Books of Hours are prayer books for lay people containing cycles of prayers to be read at set hours of the day and night. Wealthy patrons in the late Middle Ages and the early Renaissance sought Books of Hours that were richly decorated by the leading artists of the time.
The elaborate programme of illuminations in this Book of Hours has been attributed to Simon Marmion (d. 1489), a famous painter and illuminator of the Flemish Hapsburg court, and his assistants, the Master of the Houghton Miniatures and the Master of the Dresden Prayer Book. Earlier in his career, Marmion was responsible for the illumination of grand secular volumes, including commissions for Margaret of York, but in his later years he is particularly associated with the production of delicate Books of Hours. The painterly style of the miniatures reflects Marmion’s work as a panel painter, while the illusionistic borders scattered with finely painted flowers and insects follow the latest fashions in Flemish-style manuscript illumination. Although the original owner is unknown, a group of prayers in French, including one to St Louis, suggest that the book was made for a French-speaker.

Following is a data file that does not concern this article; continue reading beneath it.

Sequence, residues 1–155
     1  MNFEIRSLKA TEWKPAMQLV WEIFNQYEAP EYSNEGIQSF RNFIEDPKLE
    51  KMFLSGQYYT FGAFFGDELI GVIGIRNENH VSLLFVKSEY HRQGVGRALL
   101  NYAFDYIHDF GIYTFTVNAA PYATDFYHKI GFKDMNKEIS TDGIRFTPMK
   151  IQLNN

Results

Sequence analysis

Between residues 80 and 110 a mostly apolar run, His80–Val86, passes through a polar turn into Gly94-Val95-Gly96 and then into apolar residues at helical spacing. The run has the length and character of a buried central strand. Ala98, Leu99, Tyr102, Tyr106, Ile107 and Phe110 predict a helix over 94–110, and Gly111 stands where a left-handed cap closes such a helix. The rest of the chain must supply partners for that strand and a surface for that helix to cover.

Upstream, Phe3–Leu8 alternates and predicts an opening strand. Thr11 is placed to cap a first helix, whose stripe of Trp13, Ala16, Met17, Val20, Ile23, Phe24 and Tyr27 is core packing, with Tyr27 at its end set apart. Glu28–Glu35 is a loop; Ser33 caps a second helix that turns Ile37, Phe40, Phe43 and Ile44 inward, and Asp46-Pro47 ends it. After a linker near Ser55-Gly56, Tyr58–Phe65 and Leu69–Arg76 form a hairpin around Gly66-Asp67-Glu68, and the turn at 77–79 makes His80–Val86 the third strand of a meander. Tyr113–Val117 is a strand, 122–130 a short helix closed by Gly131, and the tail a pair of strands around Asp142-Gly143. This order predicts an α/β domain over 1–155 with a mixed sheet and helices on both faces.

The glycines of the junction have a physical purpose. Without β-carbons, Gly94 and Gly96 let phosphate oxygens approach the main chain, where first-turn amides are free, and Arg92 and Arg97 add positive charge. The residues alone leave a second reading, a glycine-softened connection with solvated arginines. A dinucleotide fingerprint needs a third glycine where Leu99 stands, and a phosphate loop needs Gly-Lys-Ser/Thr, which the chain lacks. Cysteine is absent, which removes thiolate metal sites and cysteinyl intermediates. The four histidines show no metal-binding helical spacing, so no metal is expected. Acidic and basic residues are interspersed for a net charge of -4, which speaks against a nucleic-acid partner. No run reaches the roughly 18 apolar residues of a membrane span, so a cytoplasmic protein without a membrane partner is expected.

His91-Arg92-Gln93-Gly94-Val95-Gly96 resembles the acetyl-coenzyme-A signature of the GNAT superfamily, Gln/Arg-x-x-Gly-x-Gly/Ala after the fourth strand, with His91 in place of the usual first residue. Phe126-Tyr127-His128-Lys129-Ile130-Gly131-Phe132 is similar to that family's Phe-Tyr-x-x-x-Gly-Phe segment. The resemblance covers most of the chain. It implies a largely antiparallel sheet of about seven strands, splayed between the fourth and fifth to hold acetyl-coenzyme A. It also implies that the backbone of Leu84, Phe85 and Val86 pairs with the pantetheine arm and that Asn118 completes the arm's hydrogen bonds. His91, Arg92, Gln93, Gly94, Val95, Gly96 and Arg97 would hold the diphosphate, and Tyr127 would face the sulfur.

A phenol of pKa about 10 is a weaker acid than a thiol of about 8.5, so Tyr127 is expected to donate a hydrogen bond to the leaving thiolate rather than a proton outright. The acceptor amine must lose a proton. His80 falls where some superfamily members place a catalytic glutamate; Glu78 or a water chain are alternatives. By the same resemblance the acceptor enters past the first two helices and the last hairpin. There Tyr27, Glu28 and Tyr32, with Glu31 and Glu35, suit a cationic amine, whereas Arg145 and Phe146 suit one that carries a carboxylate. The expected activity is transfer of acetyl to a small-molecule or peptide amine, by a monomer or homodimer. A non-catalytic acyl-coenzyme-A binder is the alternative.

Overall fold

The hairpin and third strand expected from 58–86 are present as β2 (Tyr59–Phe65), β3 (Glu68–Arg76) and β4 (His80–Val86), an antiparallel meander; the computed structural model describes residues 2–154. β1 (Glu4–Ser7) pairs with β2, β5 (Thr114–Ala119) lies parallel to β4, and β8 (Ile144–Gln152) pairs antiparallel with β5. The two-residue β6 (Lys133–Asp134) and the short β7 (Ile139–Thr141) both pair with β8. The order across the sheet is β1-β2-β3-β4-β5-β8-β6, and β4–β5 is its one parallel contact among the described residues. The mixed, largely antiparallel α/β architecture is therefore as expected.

View images of the entire manuscripts via our Digitised Manuscripts website.